Burgert Brothers, Digital Florida Studies Center Gallery http://scholarcommons.usf.edu/flstud_gallery/273
|Conventions Gain Popularity|
The Tin Can Tourists conventions grew in size and began to include commercial vendors coming from points throughout the country. By the early 1930s, Florida communities recognized the impact of the tourists — even Tampa city officials begged the group to return. Though one of the rules of being a Tin Can Tourist was that a member couldn’t own property in Florida, the group is said to have had a significant impact on the booming land development in the state. Many snowbirds would decide to stay permanently, while others returned to their homes in the Midwest with wonderful stories about the Sunshine State.
Housecar from Minneapolis at the Arcadia convention, 1929
|The annual trek, fueling the twin industries of tourism and real estate, suffered during the depression years. But by 1932, with membership on the increase, city Chambers of Commerce were actively pursuing Tin Can Tourists to choose their community for either Homecoming, Winter Convention or Going Home meets. The Winter Convention was the best attended and was an economic boon to the host community.|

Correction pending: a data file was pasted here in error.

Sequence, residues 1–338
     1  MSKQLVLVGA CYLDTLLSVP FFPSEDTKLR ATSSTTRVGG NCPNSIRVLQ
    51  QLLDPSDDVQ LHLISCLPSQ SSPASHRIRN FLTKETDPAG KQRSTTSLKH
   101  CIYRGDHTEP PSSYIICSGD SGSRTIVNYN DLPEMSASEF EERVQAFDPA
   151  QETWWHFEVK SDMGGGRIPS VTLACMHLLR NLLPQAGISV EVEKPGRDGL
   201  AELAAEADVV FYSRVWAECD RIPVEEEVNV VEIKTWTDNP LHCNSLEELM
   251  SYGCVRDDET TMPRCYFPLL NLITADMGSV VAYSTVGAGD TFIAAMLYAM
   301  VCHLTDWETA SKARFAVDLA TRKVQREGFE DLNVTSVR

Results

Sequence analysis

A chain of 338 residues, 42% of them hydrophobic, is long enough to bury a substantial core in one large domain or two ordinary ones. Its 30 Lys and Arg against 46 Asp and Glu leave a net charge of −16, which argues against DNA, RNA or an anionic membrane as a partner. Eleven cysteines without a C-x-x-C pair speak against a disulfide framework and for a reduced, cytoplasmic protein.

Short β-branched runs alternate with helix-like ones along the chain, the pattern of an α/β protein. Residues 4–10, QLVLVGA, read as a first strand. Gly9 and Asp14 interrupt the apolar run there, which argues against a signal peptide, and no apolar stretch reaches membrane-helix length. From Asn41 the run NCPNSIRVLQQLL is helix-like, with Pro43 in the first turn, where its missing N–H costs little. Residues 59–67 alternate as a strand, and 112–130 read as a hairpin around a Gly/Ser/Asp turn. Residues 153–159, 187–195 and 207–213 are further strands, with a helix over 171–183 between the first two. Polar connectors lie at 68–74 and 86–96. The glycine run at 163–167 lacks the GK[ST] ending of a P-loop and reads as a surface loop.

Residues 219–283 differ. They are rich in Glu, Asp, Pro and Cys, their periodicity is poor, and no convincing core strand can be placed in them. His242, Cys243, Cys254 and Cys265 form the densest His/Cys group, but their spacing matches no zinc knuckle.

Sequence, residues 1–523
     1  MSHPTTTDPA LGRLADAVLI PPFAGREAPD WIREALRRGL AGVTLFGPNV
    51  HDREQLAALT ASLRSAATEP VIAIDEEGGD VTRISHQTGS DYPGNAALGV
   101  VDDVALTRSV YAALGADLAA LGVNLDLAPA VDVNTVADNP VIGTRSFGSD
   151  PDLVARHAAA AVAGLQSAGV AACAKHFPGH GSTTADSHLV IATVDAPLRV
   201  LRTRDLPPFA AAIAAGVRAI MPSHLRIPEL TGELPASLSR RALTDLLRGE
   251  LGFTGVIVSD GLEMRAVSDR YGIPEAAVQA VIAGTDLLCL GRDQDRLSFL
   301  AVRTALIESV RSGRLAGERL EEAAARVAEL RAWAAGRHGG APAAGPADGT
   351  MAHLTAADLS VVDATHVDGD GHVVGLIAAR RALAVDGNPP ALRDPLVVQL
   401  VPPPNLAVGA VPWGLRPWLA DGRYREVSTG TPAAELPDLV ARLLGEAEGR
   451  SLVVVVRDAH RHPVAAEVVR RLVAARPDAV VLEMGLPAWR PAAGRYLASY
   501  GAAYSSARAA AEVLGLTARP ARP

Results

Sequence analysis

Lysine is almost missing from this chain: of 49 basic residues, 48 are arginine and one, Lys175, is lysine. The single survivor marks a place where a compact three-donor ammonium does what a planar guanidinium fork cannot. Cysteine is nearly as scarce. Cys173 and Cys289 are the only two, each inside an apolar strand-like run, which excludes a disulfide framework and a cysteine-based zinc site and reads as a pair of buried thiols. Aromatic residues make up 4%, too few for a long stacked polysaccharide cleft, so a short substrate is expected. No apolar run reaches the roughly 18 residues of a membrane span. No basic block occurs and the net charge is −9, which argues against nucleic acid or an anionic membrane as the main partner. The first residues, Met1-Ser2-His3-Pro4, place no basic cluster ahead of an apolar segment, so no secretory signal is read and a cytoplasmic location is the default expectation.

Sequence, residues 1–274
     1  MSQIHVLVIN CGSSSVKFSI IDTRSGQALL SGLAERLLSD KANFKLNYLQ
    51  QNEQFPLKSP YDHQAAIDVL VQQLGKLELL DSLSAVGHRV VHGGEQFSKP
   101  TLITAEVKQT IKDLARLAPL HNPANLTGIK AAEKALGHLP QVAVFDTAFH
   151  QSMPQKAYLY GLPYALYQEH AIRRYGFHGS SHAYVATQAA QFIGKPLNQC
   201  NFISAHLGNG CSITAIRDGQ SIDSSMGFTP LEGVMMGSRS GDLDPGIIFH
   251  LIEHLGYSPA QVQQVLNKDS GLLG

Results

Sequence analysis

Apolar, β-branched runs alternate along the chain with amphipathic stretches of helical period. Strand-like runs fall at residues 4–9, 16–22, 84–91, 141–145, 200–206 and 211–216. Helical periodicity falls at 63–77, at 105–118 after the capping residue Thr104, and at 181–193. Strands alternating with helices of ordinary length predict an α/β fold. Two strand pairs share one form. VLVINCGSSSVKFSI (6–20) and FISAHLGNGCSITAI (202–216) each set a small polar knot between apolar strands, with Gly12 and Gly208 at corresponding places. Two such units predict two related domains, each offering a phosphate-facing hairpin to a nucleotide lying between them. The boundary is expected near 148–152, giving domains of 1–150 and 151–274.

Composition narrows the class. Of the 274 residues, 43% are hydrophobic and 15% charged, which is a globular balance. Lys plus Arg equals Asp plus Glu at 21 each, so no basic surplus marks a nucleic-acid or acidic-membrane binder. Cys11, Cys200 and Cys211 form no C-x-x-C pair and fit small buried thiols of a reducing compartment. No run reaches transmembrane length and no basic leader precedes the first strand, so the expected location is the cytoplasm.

|Sarasota’s Convention Bid|
It was not until 1932 that Sarasota hosted the winter convention of the Tin Can Tourists. In 1931, Mayor E.A. Smith and other community leaders decided to lure the annual TCT convention away from Arcadia, where it had been conducted for a number of years.
|A motorcade of nearly 250 cars drove from Sarasota to Arcadia, parking in the camp. Carrying banners inviting the TCT to Sarasota, community leaders distributed free copies of the Sarasota Herald and gave speeches promoting the change in venue. The Sarasota Bay Post 30 American Legion Band presented a concert to the 2,000 campers. When the vote was counted, Sarasota had won the contest. The vote on the Winter Convention site was hotly contested. Many Canners were loyal to Arcadia, the town that wanted them after their ejection from Tampa. As a concession to those that favored Arcadia, it was designated as the official site for Homecoming festivities.|